In certain organisms, such as bacteria, the proteins must undergo proteolysis before the amino acids can be re-polymerized into new proteins, because the original proteins cannot pass through the bacterial plasma membrane, as they are too large. After the proteins are broken down into amino acids through proteolysis, these amino acids will be able to pass through the membranes of bacteria and will once again congregate to form new proteins that the bacteria needs to function.[1]

Amino Acids feeding into TCA Cycle

Amino Acid Degradation

Oxidative deamination is the first step to breaking down the amino acids so that they can be converted to sugars. The process begins by removing the amino group of the amino acids. The amino group becomes ammonium as it is lost and later undergoes the urea cycle to become urea, in the liver. It is then released into the blood stream, where it is transferred to the kidneys, which will secrete the urea as urine.[5][6] The remaining portion of the amino acid becomes oxidized, resulting in an alpha-keto acid. The alpha-keto acid will then proceed into the TCA cycle, in order to produce energy. The acid can also enter glycolysis, where it will be eventually converted into pyruvate. The pyruvate is then converted into acetyl-CoA so that it can enter the TCA cycle and convert the original pyruvate molecules into ATP, or usable energy for the organism.[7]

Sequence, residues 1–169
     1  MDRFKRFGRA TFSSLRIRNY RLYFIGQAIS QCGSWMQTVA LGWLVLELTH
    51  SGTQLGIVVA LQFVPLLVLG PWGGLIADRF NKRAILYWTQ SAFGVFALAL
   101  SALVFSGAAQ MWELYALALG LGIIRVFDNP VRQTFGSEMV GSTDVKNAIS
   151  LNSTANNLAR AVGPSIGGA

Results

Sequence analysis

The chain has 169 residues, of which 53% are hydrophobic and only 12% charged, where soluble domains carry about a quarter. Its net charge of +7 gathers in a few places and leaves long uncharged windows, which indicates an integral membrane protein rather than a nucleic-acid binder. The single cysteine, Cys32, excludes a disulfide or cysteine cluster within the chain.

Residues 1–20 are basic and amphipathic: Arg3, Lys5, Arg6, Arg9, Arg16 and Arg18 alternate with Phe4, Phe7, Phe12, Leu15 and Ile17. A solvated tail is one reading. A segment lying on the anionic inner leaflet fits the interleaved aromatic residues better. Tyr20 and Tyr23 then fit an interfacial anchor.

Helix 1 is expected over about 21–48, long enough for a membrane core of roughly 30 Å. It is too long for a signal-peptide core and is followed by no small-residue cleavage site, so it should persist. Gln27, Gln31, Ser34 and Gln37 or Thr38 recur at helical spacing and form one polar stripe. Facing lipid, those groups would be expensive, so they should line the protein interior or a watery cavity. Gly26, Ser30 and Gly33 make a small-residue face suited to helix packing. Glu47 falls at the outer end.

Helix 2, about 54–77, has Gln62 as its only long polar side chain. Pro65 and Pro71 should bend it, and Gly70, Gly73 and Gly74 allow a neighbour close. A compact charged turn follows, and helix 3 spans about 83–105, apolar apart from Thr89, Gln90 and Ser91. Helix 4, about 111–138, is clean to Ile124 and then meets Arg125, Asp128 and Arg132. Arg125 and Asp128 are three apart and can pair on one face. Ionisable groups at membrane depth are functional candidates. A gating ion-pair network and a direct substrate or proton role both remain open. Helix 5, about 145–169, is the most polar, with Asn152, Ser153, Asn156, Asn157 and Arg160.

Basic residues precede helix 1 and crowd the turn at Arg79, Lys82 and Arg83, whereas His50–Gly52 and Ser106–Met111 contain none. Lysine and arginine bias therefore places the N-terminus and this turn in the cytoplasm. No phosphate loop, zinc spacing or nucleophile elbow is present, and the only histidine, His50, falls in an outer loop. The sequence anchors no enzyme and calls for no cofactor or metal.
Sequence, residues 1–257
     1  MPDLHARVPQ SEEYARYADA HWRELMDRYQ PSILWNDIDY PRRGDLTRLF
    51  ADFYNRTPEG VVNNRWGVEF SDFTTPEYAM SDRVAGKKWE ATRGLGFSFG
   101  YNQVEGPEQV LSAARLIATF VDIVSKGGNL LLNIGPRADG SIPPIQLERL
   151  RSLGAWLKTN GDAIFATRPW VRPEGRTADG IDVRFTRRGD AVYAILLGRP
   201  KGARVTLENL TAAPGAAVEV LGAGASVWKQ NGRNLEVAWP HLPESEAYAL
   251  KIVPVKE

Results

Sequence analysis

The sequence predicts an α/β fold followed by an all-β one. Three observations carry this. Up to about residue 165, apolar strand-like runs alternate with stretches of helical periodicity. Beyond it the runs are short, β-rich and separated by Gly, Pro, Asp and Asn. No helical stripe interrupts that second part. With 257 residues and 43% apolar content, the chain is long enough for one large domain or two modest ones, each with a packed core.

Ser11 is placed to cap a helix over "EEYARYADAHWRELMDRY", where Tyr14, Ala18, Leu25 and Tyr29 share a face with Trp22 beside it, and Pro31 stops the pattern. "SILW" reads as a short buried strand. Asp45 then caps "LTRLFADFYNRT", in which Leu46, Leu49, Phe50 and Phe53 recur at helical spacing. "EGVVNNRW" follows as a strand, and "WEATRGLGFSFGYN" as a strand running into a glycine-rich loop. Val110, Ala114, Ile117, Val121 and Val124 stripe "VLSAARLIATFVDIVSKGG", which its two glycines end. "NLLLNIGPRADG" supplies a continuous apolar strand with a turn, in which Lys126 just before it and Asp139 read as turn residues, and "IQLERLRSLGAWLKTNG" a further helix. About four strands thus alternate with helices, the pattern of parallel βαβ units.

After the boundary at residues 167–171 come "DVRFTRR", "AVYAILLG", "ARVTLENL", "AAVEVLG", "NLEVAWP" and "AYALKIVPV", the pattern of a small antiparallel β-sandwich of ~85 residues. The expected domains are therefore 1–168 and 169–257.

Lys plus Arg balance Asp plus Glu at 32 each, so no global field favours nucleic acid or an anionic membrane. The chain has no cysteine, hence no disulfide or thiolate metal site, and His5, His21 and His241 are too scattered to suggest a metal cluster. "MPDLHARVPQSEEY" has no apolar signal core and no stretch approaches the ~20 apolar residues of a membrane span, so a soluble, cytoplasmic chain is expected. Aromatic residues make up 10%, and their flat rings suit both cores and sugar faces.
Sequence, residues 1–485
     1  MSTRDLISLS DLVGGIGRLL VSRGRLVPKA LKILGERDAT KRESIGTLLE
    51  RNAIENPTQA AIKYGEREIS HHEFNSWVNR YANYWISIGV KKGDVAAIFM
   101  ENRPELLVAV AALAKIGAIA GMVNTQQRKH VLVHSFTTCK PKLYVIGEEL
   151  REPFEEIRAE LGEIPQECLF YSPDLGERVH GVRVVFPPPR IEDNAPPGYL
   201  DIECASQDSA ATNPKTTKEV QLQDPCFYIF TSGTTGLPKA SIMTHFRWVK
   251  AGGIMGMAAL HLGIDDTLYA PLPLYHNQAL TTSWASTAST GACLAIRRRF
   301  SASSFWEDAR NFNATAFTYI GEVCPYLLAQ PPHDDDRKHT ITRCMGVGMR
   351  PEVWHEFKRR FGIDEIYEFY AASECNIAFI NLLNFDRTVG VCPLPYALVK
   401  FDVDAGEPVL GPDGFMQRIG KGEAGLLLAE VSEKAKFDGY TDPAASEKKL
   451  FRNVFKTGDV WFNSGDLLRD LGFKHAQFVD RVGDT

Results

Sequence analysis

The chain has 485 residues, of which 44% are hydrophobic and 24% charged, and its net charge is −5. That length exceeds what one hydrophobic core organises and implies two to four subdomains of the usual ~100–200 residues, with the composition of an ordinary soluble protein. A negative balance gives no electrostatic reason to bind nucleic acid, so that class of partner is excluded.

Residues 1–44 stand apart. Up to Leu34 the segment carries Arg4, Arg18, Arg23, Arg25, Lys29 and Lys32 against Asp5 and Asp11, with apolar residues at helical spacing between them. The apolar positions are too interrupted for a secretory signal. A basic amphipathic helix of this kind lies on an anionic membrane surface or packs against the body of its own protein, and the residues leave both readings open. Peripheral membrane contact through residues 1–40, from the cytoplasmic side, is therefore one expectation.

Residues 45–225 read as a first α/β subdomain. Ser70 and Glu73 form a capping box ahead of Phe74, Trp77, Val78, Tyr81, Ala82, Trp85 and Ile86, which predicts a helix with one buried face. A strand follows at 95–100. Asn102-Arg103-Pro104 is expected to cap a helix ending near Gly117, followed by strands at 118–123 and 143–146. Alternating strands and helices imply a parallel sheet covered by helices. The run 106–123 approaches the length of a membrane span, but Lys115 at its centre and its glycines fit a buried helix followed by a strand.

Transamination leads to the same end result as deamination: the remaining acid will undergo either glycolysis or the TCA cycle to produce energy that the organism's body will use for various purposes. This process transfers the amino group instead of losing the amino group to be converted into ammonium. The amino group is transferred to alpha-ketoglutarate, so that it can be converted to glutamate. Then glutamate transfers the amino group to oxaloacetate. This transfer is so that the oxaloacetate can be converted to aspartate or other amino acids. Eventually, this product will also proceed into oxidative deamination to once again produce alpha-ketoglutarate, an alpha-keto acid that will undergo the TCA cycle, and ammonium, which will eventually undergo the urea cycle.[3]

Transaminases are enzymes that help catalyze the reactions that take place in transamination. They help catalyze the reaction at the point when the amino group is transferred from the original amino acid, like glutamate to alpha-ketoglutarate, and hold ono it to transfer it to another alpha-ketoacid.[3]

See also


  1. 1 2 3 4 Bauman, Robert W.; Machunis-Masuoka, Elizabeth; Tizard, Ian R. (2004-01-01). Microbiology. Pearson/Benjamin Cummings. ISBN 9780805376524.
  2. Zhou, Pengbo (2004-01-01). Dickson, RobertC.; Mendenhall, MichaelD., eds. Signal Transduction Protocols. Methods in Molecular Biology. Humana Press. pp. 67–77. doi:10.1385/1-59259-816-1:067. ISBN 9781588292452.
  3. 1 2 3 4 Miles, Bryant (April 9, 2003). "Protein Catabolism" (PDF).
  4. Bojkowska, Karolina; Santoni de Sio, Francesca; Barde, Isabelle; Offner, Sandra; Verp, Sonia; Heinis, Christian; Johnsson, Kai; Trono, Didier (2011-06-24). "Measuring In Vivo Protein Half-Life". Chemistry & Biology. 18 (6): 805–815. doi:10.1016/j.chembiol.2011.03.014.
  5. "26.9: The Catabolism of Proteins". Chemistry LibreTexts. 2014-06-19. Retrieved 2016-10-25.
  6. "Oxidative Deamination". Retrieved 2016-10-25.
  7. "GLYCOLYSIS AND THE KREBS CYCLE". Retrieved 2016-11-08.